Semi-randomly rummaging through Google Books due to another freeform Making Light thread.
The "Knickerbocker Glory" layered ice cream concoction seems to've originated in the US and was carried over to the UK by the 1920s, perhaps via American doughboys during/after the Great War. Oddly, it lived on in the UK despite being eventually forgotten in the US (at least by that name), so that the term was considered sufficiently exotic to be "translated" in the US editions of "Harry Potter".
The earliest ref I've found so far is from the January 1909 issue of the Ice Cream Trade Journal, published in the US: the "Knickerbocker Sundae", composed of vanilla ice cream, chocolate syrup, crushed raspberries, whipped cream, marachino cherries, and rose syrup.
This may or may not be related to the Knickerbocker "fountain chocolate" company, which was providing sundae recipes by 1908 (although none of the ones in that ref have the raspberry/rose ingredients.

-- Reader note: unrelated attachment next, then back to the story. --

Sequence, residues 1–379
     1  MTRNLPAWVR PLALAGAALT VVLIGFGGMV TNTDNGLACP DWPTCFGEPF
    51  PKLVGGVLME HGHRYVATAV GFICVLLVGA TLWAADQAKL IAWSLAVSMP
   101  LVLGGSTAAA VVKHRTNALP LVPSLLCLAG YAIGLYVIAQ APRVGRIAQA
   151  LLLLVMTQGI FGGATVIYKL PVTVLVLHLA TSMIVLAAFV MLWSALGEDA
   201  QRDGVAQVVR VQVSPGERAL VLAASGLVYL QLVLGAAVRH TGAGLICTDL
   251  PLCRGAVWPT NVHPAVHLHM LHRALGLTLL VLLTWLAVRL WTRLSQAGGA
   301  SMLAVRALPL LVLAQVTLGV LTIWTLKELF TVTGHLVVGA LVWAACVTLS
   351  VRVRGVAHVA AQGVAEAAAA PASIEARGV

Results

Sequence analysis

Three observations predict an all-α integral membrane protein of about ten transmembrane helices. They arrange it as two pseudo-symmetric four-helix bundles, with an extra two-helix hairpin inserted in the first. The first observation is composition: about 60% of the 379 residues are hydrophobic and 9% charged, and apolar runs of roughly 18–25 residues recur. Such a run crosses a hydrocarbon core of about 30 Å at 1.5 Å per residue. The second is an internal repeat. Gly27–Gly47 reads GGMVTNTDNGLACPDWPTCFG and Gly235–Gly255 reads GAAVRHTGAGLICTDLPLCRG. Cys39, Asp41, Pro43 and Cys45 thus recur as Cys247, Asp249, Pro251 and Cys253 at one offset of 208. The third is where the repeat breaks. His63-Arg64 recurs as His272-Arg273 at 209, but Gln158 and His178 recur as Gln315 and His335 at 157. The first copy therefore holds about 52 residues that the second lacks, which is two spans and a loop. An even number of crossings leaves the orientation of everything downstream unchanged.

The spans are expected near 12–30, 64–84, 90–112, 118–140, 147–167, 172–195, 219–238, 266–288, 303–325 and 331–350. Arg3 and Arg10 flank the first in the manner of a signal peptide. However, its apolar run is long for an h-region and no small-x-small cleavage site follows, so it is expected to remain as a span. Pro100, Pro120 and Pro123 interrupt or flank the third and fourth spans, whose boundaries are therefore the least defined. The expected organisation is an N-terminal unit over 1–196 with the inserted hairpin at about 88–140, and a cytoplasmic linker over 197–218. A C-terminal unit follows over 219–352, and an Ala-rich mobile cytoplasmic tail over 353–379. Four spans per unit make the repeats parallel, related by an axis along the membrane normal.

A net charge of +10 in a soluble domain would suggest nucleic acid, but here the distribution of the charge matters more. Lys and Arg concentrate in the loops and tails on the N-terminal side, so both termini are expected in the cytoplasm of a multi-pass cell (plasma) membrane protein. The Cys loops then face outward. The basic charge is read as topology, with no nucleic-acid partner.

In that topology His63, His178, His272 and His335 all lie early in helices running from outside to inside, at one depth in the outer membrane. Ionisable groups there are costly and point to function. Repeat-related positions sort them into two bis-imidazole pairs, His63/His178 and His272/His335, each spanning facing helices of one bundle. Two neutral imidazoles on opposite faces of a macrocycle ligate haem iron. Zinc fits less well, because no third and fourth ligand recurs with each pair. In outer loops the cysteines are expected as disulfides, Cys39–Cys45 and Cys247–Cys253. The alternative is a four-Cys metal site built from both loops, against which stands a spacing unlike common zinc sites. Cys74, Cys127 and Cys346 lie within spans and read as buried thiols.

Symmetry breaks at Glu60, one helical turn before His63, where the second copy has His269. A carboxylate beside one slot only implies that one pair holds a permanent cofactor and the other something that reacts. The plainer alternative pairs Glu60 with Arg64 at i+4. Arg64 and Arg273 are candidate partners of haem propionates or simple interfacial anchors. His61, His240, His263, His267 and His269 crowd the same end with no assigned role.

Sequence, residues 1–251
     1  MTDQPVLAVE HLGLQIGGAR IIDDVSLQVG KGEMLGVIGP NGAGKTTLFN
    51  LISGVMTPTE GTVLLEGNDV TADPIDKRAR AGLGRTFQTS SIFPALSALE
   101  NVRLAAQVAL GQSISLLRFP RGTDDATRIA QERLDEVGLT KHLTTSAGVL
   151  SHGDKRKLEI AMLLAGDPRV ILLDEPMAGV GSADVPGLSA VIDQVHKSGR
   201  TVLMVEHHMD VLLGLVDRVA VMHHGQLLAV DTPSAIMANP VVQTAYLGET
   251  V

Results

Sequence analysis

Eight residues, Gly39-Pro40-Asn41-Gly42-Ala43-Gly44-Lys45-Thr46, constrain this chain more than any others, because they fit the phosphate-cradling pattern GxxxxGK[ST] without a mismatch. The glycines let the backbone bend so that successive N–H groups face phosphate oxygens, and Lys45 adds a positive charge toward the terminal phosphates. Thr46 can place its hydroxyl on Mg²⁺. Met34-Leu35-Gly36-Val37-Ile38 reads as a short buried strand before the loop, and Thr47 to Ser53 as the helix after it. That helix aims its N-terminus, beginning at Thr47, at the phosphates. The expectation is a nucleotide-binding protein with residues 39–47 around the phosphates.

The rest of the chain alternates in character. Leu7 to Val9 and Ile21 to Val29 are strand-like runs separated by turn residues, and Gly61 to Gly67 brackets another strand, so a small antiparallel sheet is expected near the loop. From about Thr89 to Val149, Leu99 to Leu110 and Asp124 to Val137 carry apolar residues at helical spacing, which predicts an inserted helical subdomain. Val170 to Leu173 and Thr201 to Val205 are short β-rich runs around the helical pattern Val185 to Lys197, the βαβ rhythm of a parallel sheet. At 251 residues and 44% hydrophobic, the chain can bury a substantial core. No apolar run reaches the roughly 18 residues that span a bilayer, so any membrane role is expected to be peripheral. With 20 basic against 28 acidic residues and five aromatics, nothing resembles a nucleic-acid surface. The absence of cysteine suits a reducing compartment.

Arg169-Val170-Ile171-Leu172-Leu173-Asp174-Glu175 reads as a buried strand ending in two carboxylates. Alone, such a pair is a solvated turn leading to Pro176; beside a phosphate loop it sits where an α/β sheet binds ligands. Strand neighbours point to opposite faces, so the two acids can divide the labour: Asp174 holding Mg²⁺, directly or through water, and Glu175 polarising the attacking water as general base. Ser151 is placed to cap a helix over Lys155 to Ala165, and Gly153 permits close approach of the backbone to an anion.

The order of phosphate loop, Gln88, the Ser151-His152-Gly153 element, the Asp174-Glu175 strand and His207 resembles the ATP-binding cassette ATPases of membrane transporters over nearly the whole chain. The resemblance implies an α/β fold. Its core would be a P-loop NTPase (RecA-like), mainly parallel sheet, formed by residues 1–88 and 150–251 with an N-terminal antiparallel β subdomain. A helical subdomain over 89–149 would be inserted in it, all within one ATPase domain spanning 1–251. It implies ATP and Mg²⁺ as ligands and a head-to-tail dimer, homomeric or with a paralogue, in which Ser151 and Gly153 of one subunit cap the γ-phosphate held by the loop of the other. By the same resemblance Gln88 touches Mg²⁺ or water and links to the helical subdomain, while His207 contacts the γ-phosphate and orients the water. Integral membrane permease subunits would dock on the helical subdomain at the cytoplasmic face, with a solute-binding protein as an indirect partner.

It does predate the 1915 ref cited here, which has the same general list of ingredients and emphasizes the layered construction.
On edit: Hah-- found an even earlier one from The Practical Druggist, June 1903: same ingredients *and* established emphasis on the layers.
This 1914 ref explicitly describes "the Knickerbocker" as "a Sundae from New York". There's also some (not nec'ly exclusive) possibility that the "Knickerbocker" name is partially based on the use of raspberries, as there seems to be an established mixed drink called the "Knickerbocker" that uses raspberry syrup; I've found a fleeting and mostly unsnippeted 19th(?) century reference to "the great Central Hudson raspberry belt" which "nightly shipped to New York its 3,000 baskets [of raspberries] to tickle Father Knickerbocker's palate next morning"-- perhaps there's an old connection between NYC and raspberries?